In all the workshops, even though there was a basic difference in their structure and form, the idea was the same. The desperation and effort were the same. It was always about observing, noting down ideas that appeal to you and questioning those very ideas. The first thing you write is most probably (definitely) not going to be a masterpiece. So, write freely, let your hands wander. Come back after a few days and see if the logic still holds true—that is, if you don’t cringe midway. And even if you do, know that writing is less about writing and more about editing and rewriting. Keep on working and finding that story that no one can say better than you.
However, I have to admit about the place of privilege that allows me to partake in these workshops. I am part of groups where social media posts about such workshops are circulated and I am a click away from applying to them. Not everyone has access to the internet, such groups and opportunities. So, for those who become privy to such knowledge, I think it is important to imbibe the lessons and pass them along.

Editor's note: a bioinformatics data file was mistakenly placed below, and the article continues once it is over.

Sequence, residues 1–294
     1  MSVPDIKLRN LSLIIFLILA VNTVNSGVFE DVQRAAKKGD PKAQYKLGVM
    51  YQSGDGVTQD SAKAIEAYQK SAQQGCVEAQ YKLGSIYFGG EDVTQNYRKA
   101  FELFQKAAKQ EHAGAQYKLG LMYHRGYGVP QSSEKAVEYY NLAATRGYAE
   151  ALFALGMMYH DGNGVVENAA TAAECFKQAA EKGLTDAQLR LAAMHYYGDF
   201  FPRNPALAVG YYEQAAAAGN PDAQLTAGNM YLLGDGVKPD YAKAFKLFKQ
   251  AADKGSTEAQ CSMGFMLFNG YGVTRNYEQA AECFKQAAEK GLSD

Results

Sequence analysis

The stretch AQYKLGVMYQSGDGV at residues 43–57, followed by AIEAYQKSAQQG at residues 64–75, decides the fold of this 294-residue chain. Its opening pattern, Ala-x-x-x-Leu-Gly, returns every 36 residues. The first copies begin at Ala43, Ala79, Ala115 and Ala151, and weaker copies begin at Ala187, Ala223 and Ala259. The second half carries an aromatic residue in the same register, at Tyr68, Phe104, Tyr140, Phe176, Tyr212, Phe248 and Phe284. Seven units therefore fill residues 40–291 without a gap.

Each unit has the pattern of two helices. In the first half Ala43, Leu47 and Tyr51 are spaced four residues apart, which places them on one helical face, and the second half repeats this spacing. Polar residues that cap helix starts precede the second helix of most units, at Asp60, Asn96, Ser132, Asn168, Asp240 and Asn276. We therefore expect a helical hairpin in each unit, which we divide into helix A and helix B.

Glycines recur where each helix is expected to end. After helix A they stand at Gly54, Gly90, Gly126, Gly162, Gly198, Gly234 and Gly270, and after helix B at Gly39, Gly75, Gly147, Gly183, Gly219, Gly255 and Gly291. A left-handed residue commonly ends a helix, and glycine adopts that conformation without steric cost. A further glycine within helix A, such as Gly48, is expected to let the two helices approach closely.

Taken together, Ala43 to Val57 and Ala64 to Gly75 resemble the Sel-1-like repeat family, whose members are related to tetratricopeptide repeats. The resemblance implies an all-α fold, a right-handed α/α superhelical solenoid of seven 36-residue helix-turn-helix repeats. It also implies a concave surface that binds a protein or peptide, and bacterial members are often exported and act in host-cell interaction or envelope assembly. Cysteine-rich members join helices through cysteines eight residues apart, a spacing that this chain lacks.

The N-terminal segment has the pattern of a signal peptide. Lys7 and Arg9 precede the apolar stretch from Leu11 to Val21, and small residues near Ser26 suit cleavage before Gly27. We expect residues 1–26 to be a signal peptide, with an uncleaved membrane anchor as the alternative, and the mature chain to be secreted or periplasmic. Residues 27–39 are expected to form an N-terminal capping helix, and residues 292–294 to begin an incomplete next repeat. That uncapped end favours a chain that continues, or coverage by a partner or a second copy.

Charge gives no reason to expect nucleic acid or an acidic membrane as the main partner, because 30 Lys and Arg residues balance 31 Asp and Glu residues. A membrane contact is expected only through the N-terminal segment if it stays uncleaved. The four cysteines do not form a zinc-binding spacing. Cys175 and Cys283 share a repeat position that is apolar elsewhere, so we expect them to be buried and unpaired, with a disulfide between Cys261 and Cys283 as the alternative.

Just the other day, somebody sent me their piece of writing for feedback. “Why do you want to write this?” I asked after I finished reading. I might never successfully complete a groundbreaking story or a script but I have definitely learnt to ask the right questions and I am going to forever take them with me.